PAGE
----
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Understanding Career Success and Its Contributing Factors for Clinical and Translational Investigators

Robinson, Georgeanna F.W.B. EdD; Schwartz, Lisa S. EdD, MS; DiMeglio, Linda A. MD, MPH; Ahluwalia, Jasjit S. MD, MPH; Gabrilove, Janice L. MD

doi: 10.1097/ACM.0000000000000979
Research Reports

Purpose: To understand the factors that facilitate career success for career development awardees in clinical and translational science and reconceptualize understand ing of career success for this population.

Method: In 2013–2014, the authors conducted semistructured interviews with former NIH KL2 or K12 scholars from nine Clinical and Translational Science Award–funded institutions. Participants either had or had not secured independent funding at least two years after the end of their last K award. Questions covered the factors that facilitate or hinder junior investigators’ transition to independent funding. Interviews were recorded and transcribed, and the transcripts were analyzed thematically.

Results: Forty individuals participated, with equal representation by men and women and by independently and not independently funded investigators. Personal factors that facilitated success included networks, persistence and resilience, initiative, autonomy, and personal and professional balance. Organizational factors included appropriate mentorship, protected research time, and institutional resources and support.

Even independently funded participants described challenges regarding career direction. Five participants without independent funding modeled a broad spectrum of successful career paths, having assumed leadership positions not reliant on grant funding. Alternative definitions of career success included improving public health, enjoying work, seeing mentees succeed, and receiving external acknowledgment of successes.

Conclusions: Awareness of the factors that facilitate or hinder career success can help junior faculty, mentors, and institutional leaders support career development in clinical and translational science. New definitions of career success are needed, as are career paths for faculty who want to engage in research in roles other than principal investigator.

G.F.W.B. Robinson is assistant director, Institute for Clinical Research Education, University of Pittsburgh School of Medicine, Pittsburgh, Pennsylvania.

L.S. Schwartz is assistant research professor, Department of Clinical Research and Leadership, and associate director of research education, training, and career development, Clinical and Translational Science Institute, Children’s National Health System, George Washington University School of Medicine and Health Sciences, Washington, DC.

L.A. DiMeglio is professor of pediatrics, Department of Pediatrics, Section of Pediatric Endocrinology/Diabetology, Riley Hospital for Children, Indiana University School of Medicine, and director of career development, Indiana University Clinical and Translational Sciences Institute, Indianapolis, Indiana.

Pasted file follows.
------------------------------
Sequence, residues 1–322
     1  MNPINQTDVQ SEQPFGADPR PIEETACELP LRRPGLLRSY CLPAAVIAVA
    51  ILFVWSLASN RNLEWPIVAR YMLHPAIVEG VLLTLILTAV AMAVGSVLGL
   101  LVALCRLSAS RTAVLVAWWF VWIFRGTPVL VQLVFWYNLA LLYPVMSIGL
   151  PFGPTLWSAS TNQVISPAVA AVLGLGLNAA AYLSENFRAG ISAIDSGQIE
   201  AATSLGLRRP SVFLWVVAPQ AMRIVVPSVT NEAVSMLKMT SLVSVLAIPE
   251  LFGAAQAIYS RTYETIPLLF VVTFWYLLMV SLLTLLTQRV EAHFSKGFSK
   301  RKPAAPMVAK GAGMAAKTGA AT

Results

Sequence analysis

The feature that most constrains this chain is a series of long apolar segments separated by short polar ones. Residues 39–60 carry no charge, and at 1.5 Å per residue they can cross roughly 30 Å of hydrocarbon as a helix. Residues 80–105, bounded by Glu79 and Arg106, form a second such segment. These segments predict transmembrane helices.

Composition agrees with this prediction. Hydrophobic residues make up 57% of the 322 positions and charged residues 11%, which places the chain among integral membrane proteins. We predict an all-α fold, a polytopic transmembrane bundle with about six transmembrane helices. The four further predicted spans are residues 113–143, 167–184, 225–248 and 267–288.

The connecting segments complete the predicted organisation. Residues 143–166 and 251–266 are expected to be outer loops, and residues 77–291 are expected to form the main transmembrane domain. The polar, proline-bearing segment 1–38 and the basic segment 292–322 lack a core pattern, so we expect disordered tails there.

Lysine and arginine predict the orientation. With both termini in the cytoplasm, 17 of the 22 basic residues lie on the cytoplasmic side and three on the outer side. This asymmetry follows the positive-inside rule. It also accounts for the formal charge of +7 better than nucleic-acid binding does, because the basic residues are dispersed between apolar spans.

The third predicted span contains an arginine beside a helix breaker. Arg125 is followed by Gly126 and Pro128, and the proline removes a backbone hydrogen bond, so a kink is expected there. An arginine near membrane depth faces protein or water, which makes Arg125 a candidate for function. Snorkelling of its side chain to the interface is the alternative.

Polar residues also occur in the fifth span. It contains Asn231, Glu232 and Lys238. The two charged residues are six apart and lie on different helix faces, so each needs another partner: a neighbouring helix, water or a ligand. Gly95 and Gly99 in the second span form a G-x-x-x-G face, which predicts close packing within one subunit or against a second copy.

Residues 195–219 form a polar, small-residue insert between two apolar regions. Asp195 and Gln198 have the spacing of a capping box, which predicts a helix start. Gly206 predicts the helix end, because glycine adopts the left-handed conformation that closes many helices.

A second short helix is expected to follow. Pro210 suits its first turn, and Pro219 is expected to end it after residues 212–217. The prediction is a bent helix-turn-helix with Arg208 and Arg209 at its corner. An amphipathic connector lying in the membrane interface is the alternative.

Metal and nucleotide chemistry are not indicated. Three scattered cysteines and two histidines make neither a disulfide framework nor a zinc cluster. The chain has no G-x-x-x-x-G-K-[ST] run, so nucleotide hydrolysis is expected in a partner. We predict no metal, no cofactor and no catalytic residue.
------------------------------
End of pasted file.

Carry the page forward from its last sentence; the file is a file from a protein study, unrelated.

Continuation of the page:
J.S. Ahluwalia is dean, School of Public Health, Rutgers University, New Brunswick, New Jersey.

J.L. Gabrilove is James F. Holland Professor of Medicine and Oncological Sciences and associate director of education and training, Tisch Cancer Institute; and director, Clinical Research Education Programs, and codirector, KL2 Scholars and PORTAL Programs, Icahn School of Medicine at Mount Sinai and Graduate School of Biomedical Sciences, New York, New York.

Supplemental digital content for this article is available at

Funding/Support: This work was supported by grants from the National Institutes of Health: UL1TR000005 and KL2 TR000146 to the University of Pittsburgh, UL1TR000075 to Children’s National Health System/George Washington University, 1UL1TR001108-01 to Indiana University, UL1TR000114 to the University of Minnesota, and UL1TR000067 to the Icahn School of Medicine at Mount Sinai.

Other disclosures: None reported.

Ethical approval: The University of Pittsburgh institutional review board deemed this study exempt (PRO13010214). All participating institutions either obtained approval from their respective institutional review boards or did not need it because data collection and storage took place at the University of Pittsburgh.

Disclaimer: The content of this report is solely the responsibility of the authors and does not represent the official views of the National Institutes of Health.

Correspondence should be addressed to Georgeanna F.W.B. Robinson, Institute for Clinical Research Education, 200 Meyran Ave., Suite 300, Pittsburgh, PA 15213; telephone: (412) 864-3024; e-mail:

© 2016 by the Association of American Medical Colleges